MCSA: SQL 2016 Database Development
– 70-761: Querying Data with Transact-SQL
– 70-762: Developing SQL Databases
MCSE: Data Management & Analytics
– 70-767: Implementing a SQL Data Warehouse (from the Elective Exam Pool)
The learning material
Although the first exam (70-761) fitted in quite well with my SQL background (I probably knew about 75% of the material beforehand), there was still some work required for me to get to the stage where I felt I was confident in passing the exam. For me, the best resource and my primary resource for learning the material has been the Exam Ref books, so for example “Exam Ref 70-761 Querying Data with Transact-SQL”. These books are structured in a way that the content is split into the sections covered by the exam, for example the books contain a chapter for every skill covered in the exam.
The one downside to the Exam Ref books is that at times it can feel quite wordy if you’re relying on the book alone, so what I found really useful was to supplement this with videos and demos on the topics where I needed a greater understanding. In addition to this, practice and doing exercises helped me to further understand the different concepts as I was able to try what I had learnt and see where I was going wrong.
The final resource that I found useful was Microsoft Docs (https://docs.microsoft.com/en-us/), this is a really good reference point for key facts, for example I found the page on CDC really useful for my latest exam (70-767).
There are the obvious tips such as sleep early the night before, get to the exam centre with time to spare and so on, but I wanted to share some of the exam techniques I found useful while doing these exams.
My top tip is check that you have covered off and are comfortable with all the skills measured in the exam, the skills measured for each exam can be found in the “Browse Certifications and Exams” section on the Microsoft Learning website (example shown below for exam 70-761). The skills are also stated in the Exam Ref books and as mentioned before the chapters in the book are based on the skills measured in the exam.
What’s useful about the skills measured shown above is that it shows the weight of questions per skill in the exam. This is useful because you can work out if you need to focus on a weaker area if that area is a big part of the exam.
Time shouldn’t be an issue in the exam if you’ve prepared well, however some questions are not worded in the best way and can catch you out so do take the time to read each question properly, and do keep an eye on the time remaining after every 5-10 questions.
You have the option to flag questions and review them again later (note some questions cannot be flagged), make use of these flags for questions you are unsure of. This can be particularly useful if you’ve flagged a question and then a later question gives you a clue or reminds you of the answer for the question flagged earlier. Alternatively, you should be provided with a pen and wipeable board where you can make notes so note down the question number and topic so that you can come back to it later.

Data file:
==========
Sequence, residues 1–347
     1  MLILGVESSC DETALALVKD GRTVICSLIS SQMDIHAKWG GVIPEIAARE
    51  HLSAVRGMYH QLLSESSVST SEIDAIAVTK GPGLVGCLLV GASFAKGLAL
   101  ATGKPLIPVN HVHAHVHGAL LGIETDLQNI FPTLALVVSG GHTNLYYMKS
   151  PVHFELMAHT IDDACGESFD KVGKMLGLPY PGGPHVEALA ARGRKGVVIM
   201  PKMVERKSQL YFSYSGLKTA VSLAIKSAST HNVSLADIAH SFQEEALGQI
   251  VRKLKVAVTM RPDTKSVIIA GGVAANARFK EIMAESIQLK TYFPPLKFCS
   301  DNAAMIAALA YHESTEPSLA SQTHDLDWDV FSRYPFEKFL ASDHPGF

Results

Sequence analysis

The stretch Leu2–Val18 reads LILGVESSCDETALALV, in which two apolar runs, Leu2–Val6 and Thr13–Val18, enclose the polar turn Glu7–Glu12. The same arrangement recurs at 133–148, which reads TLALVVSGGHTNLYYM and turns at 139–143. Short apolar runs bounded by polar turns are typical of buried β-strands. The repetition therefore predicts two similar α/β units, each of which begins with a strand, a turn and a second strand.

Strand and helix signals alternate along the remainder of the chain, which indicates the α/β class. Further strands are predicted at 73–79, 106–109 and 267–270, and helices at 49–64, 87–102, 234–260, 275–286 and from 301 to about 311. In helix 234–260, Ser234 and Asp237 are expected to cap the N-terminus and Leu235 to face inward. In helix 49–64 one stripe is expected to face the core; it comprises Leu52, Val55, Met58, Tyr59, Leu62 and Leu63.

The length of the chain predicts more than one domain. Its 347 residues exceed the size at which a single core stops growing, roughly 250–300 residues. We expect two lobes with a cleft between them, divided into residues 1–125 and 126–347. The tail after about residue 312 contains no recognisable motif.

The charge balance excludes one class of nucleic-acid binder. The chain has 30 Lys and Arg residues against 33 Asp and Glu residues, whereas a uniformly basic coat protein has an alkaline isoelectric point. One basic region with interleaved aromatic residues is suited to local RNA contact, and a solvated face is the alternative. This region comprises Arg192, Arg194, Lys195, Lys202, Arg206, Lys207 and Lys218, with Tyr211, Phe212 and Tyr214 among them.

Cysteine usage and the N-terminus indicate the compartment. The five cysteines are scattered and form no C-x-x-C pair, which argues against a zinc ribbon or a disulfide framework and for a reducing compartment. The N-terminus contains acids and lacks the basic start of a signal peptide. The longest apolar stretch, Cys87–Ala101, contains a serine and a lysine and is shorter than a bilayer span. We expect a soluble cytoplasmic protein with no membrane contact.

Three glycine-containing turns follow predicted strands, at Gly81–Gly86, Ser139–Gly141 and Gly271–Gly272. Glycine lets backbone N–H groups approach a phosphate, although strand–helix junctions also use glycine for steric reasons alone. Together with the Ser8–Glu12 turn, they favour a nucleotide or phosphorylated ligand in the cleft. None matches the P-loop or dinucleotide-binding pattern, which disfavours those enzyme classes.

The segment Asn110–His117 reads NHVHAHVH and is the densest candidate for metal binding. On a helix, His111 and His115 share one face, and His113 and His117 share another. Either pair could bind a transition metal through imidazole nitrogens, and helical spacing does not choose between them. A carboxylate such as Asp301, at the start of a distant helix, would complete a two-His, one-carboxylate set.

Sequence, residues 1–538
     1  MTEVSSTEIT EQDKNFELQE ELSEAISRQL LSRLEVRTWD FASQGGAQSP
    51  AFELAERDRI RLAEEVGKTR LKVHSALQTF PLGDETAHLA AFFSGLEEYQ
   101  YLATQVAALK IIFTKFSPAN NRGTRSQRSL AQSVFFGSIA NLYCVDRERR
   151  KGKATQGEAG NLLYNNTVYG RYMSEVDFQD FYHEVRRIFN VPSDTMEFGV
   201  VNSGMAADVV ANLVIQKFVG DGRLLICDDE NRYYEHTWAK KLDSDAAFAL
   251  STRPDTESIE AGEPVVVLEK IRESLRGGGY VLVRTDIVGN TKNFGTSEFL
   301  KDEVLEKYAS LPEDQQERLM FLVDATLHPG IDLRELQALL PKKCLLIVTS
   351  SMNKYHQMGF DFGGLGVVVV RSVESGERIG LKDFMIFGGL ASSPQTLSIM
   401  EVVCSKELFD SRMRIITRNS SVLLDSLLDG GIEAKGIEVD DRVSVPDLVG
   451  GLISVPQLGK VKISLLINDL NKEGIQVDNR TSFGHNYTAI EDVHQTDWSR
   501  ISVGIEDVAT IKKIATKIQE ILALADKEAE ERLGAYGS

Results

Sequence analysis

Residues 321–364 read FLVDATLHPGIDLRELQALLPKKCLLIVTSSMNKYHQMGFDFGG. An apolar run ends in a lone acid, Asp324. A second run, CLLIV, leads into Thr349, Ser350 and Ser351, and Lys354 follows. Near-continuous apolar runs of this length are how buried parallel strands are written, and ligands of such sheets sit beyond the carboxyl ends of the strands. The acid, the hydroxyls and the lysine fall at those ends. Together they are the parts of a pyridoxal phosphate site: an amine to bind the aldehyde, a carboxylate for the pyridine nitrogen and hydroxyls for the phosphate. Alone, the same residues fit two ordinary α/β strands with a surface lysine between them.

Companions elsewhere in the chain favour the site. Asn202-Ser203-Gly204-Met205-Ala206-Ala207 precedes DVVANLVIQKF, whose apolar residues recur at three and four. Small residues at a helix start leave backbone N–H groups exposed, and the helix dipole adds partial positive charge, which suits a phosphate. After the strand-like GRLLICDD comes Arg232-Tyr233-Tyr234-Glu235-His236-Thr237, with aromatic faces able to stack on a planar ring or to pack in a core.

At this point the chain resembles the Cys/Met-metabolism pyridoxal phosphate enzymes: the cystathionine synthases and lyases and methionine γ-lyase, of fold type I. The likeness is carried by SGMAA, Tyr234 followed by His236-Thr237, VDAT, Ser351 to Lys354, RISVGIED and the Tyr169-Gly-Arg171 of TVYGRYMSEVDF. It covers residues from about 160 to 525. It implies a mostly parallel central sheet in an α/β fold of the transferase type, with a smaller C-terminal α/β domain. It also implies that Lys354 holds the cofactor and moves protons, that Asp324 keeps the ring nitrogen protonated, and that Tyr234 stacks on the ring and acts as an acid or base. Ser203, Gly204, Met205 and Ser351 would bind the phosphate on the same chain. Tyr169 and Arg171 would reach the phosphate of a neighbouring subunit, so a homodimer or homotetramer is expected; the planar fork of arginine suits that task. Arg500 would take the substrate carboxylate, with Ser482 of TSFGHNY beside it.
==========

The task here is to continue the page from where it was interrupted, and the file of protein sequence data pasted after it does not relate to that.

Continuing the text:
I am currently studying towards the exam 70-768: Developing SQL Data Models, this will help develop my understanding and knowledge of data modelling and working with cubes and will also help me get the certification for MCSA: SQL 2016 BI Development. With these current certifications being retired in the near future the next plan is to work towards the certification Microsoft Certified: Azure Data Engineer Associate.
I hope you have found this blog useful and that you can use some of the tips mentioned in your study plans, all the best!
If you’ve been doing any development work in ADF this week you might have noticed that “Connections” has moved. But where has it gone?
When you click onto “Connections” now you’ll receive the following message:
Clicking this button takes you to the new Management Hub, the new fourth icon which goes alongside the existing three.
Within this area you now have access to your Linked Services, Integration Runtimes and Triggers. These all have the same options as before, they’ve just moved!
You do now have access to more detailed Git configuration options and also the ability to change the Parameterization templates for your ARM templates. This is only accessible when you have a Git repository set up and the Parameter file within it.
You can currently still access Triggers from the main Author window, but I would recommend getting used to finding them in the Management Hub to keep everything together.
Release details of the Management Hub from Microsoft can be found here: https://docs.microsoft.com/en-us/azure/data-factory/author-management-hub
In this blog post we’ll take a quick look at using ConcatenateX function to view a concatenated string of dates where the max daily sales occurred for a given month.
I came across this function whilst going through the excellent “Mastering DAX 2nd Edition Video Course” by the guys from SQLBI.com. So credit to Marco and Alberto for sharing this.
So how does it work? If we had a list of dates ranging from 01/01/2020 to 31/12/2020 and we wanted to see which days we achieved maximum sales for each given month in a year we could use the ConcatenateX function to return these dates in a single row per month.